NEWS ** 2 pages ** May 5, 2005
For Immediate Release
Attention: Assignment/Environment/Outdoor Editor
Contact: Kirt Mayland, Eastern Water Project Director,
860-435-2073 (w); 646-302-3639 (c)
TU Applauds the Passage of SB 1294
by the Connecticut Senate
Senate vote is an important step en route to better management
of state’s river and stream flows
HARTFORD — The national coldwater conservation organization Trout Unlimited (TU) applauded yesterday’s action by the Connecticut state Senate to pass SB 1294.
The bill, which mandates that the Department of Environmental Protection revise its 1979 streamflow regulations by December 26, 2006, next heads to the state House of Representatives, where members are expected to vote on it next week.
The 1979 streamflow regulations were at the heart of the decision in the Connecticut Supreme Court case, Waterbury v. Washington, regarding the paltry flows on the Shepaug River. In that case, the court ruled that even though the Shepaug was impaired by low flows, because it complied with the 1979 regulations, the impairment was not “unreasonable.”
In testimony during the Shepaug Case, the DEP admitted that the 1979 standards had no ecological basis. In various federal reports, the DEP has since listed more than 60 rivers in the state that suffer impairment because of low or altered streamflow. These low flows are caused by a variety of factors, including water withdrawals and problems with dams. SB 1294 mandates the adoption of new standards based on updated, modern science, and is designed to protect natural aquatic life based on the best available science. Importantly, the new standards will be applicable to all streams and rivers in the state.
The bill was passed with the broad support of Connecticut’s environmental community and other interested parties.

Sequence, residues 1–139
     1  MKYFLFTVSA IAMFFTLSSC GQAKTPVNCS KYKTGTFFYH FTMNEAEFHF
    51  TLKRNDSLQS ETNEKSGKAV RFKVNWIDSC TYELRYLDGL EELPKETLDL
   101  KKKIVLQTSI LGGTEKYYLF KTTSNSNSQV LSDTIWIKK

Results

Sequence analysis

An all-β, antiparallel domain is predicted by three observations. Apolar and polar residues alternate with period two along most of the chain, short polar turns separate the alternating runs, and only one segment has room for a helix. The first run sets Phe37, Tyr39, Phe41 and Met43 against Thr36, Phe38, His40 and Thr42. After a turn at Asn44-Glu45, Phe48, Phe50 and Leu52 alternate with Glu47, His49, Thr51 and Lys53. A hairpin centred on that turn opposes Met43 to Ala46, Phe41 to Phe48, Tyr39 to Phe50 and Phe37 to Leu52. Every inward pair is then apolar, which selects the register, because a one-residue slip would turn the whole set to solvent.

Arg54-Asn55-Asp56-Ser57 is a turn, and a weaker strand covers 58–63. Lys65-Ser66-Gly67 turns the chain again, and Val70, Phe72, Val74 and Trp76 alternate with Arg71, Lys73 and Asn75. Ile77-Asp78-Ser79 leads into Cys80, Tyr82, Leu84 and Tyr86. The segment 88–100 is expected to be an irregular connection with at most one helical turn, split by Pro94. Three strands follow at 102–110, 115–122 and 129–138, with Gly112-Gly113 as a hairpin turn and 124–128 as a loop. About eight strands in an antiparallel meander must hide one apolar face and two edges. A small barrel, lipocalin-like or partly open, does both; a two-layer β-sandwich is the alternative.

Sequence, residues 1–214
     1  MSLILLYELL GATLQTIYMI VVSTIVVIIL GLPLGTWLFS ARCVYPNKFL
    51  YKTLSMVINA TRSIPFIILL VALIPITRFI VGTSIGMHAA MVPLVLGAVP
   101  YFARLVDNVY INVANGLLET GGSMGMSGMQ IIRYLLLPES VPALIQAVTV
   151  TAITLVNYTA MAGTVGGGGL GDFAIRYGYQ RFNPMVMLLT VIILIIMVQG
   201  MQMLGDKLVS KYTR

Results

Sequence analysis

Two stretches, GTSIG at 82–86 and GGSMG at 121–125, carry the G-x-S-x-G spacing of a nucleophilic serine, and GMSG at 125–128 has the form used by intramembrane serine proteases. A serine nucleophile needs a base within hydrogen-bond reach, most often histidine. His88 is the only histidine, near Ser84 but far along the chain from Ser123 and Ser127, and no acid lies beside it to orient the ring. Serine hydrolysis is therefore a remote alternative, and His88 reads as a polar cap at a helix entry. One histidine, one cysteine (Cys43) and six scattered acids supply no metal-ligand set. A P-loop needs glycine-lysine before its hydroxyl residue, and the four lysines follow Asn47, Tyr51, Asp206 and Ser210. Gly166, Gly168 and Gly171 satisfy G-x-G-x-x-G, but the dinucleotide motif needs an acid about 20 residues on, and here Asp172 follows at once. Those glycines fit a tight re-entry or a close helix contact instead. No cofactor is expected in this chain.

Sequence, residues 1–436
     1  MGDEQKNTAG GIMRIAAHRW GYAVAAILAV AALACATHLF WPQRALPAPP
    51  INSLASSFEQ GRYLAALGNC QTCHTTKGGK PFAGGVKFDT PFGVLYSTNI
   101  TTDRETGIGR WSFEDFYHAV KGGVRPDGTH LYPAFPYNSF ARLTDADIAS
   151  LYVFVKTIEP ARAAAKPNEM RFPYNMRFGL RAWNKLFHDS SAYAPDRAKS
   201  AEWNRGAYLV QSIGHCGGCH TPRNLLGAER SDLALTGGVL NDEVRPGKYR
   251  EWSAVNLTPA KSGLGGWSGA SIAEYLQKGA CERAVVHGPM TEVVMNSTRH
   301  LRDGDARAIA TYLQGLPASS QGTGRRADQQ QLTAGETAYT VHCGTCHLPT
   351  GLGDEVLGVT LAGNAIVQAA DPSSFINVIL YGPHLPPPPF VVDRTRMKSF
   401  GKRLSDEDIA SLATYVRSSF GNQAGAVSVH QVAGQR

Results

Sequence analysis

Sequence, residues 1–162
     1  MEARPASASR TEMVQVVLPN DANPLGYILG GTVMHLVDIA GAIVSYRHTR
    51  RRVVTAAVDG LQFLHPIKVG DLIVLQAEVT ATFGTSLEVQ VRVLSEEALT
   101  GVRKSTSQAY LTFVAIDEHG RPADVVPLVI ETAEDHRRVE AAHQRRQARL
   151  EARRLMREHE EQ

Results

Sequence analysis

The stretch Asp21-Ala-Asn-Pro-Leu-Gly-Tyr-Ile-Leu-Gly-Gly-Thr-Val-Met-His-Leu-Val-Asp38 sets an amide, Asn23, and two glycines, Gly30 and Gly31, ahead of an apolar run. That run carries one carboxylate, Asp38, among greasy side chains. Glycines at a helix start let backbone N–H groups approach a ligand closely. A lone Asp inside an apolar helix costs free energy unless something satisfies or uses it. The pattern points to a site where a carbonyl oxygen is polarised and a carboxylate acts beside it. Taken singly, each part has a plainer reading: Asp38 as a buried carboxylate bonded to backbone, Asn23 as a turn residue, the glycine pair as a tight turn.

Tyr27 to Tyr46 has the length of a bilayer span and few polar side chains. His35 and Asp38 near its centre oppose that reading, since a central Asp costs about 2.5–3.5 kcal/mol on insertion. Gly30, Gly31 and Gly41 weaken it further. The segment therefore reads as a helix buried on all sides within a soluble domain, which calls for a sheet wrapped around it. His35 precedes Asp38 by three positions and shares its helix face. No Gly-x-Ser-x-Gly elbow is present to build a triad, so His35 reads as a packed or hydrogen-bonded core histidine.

“This bill, if passed by the House, should do for all the rivers in the state what took millions of dollars and a decade of litigation for the Shepaug,” said Kirt Mayland, TU’s Eastern Water Project Director. “This bill will promote the long-term health of our state’s rivers and streams, and should bring the best science to bear on difficult water management issues,” Mayland said. “It should result in the return of a significant amount of water to Connecticut rivers and streams.”
The bill is the product of months of work by a wide variety of stakeholders, with significant leadership provided by Senator Stillman, Senator Andrew Roraback and Deputy Commissioner Jane Stahl of the DEP.
Al Chase, Chair of TU’s volunteer Connecticut Council, expressed hope that the bill would pass the House with no amendments. “The bill represents a major update in the way Connecticut evaluates water withdrawals and streamflow. Requiring the best science be used in these issues is long overdue, and we hope that the House will recognize that, just as the Senate did.”
Trout Unlimited is North America’s leading coldwater fisheries conservation organization, with 140,000 members dedicated to the protection and restoration of trout and salmon fisheries and their watersheds. The Eastern Water Project is a new program focused on creating state policies that promote sustainable water management and healthy instream flows.